Average Canadian family debt touches $100,000
Average Canadian family seems to be owing much more than its earnings, the report states. This becomes clear from the fact that the debt-to-income ratio of the average Canadian family has reached 150 percent.
On an average, a Canadian family owes nearly $1500 for every $1000 earnings after deductions of tax.
While the debt ratio has gone up, this has resulted in a decline in the rate of savings for Canadians.
This becomes evident from a comparison of the present savings rate with that of the year 1990.
The year 2010 saw savings rates fall down to 4.2 percent enabling average Canadian families to save around $2,500 for each household while the average savings in the year 1990 was $8000 per household with the savings rate of 13.0 percent.
And this makes it clear that for many Canadian families, recession is still there even though it may be stated to have ended considering the standard indicators of the economy into consideration, states director of programs for the institute, Katherine Scott.
Hence, the governments must become responsible while reducing programs in a bid to cut down their deficits since this has a direct effect on the already fragile financial condition of Canadian families, asserts Scott.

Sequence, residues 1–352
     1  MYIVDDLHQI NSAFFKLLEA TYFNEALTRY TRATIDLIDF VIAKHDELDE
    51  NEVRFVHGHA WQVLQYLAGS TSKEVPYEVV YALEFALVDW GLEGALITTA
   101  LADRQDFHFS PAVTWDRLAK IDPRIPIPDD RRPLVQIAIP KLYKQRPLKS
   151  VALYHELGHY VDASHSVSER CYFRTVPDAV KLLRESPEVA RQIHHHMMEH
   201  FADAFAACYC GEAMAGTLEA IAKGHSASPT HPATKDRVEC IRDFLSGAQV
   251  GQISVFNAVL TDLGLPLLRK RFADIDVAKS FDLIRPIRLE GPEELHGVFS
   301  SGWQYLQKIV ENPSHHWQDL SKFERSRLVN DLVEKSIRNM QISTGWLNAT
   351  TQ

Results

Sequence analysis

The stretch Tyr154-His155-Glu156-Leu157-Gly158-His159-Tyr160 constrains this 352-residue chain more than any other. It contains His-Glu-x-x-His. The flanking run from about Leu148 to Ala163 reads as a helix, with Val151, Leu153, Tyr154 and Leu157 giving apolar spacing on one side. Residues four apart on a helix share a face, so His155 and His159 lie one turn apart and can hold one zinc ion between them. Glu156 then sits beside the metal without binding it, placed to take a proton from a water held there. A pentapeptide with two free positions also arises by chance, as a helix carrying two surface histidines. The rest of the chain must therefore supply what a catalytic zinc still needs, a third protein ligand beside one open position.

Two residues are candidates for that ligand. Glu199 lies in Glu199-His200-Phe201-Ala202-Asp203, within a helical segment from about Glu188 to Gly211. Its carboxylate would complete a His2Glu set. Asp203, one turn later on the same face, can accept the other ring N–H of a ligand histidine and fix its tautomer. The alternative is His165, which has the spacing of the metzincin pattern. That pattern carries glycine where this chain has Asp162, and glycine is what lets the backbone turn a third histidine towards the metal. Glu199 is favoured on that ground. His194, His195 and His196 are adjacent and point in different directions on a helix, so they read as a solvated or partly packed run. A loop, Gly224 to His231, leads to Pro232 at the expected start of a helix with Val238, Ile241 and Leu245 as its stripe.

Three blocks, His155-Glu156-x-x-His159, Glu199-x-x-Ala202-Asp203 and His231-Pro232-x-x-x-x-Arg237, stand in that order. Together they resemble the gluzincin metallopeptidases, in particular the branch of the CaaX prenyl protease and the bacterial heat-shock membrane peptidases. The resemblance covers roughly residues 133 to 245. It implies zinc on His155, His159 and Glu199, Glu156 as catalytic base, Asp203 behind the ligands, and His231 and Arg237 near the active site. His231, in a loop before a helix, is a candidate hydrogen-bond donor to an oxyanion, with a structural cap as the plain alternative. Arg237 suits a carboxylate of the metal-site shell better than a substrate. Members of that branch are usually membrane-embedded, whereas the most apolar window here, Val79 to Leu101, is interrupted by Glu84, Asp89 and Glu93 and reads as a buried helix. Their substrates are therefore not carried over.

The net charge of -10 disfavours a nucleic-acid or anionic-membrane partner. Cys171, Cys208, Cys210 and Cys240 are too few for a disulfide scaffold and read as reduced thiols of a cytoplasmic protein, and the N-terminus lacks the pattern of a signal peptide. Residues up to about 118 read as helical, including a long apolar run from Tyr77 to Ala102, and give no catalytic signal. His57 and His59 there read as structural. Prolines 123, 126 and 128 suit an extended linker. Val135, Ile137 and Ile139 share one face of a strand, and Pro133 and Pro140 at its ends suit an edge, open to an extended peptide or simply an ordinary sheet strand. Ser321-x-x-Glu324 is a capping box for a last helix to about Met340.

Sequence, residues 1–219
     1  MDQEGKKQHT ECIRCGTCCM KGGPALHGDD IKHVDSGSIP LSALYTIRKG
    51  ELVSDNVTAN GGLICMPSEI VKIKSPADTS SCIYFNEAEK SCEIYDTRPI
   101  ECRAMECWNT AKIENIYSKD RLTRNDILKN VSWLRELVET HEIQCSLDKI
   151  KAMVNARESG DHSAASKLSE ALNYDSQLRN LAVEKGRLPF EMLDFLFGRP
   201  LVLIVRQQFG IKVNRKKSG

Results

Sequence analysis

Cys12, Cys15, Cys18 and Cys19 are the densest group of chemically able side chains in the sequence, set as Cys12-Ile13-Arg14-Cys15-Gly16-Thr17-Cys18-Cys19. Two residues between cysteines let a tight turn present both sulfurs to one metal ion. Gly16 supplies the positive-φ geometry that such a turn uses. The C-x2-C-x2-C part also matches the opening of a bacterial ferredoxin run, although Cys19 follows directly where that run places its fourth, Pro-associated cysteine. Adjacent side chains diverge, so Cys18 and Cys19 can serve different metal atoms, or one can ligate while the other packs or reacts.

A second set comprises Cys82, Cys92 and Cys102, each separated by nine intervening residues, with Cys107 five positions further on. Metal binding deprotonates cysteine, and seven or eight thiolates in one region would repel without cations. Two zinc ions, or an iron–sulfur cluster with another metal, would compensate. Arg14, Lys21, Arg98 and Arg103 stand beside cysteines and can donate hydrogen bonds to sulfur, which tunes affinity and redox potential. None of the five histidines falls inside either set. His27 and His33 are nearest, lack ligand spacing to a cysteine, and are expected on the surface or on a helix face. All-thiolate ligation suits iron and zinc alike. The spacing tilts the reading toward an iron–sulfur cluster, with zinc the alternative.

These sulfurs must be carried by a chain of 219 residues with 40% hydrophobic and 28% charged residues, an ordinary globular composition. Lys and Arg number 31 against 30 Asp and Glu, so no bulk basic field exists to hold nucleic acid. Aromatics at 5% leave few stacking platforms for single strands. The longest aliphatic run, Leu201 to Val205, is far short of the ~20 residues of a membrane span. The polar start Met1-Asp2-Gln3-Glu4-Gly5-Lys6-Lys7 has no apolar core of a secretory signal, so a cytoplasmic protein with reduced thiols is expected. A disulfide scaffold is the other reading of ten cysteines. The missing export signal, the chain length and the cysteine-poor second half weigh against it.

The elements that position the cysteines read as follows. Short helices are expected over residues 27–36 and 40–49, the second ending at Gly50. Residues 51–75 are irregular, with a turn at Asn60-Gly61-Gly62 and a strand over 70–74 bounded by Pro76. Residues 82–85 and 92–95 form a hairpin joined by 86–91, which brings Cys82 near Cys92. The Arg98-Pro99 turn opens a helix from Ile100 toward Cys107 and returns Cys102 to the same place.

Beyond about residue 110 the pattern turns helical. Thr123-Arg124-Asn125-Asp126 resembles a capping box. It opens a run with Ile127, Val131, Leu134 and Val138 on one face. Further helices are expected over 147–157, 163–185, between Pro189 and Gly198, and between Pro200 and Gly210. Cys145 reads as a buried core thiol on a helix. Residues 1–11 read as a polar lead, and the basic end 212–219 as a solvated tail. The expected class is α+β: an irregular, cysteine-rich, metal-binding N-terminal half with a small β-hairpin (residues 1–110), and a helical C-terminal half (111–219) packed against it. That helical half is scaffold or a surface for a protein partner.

In the year 2010, nearly 17,400 Canadian households were lagging behind in paying their mortgages at least three or four months, the findings show.
Moreover, the rates of bankruptcy and credit card delinquencies have also gone up than the rates before the global economic slowdown.
Nonetheless, several policymakers of the nation have been stressing Canadians to work towards bringing down their household debt since failure to do so might end in jeopardizing their financial setup as the interest rates get back to normalcy.
Canadians have been warned by the Central bank to control their household debts since these are a big risk for the nation’s economy.
The job gains during the recent months have been of low quality than the quality of jobs lost during economic slowdown thus increasing the risk of young and middle class Canadian households, Scott suggests.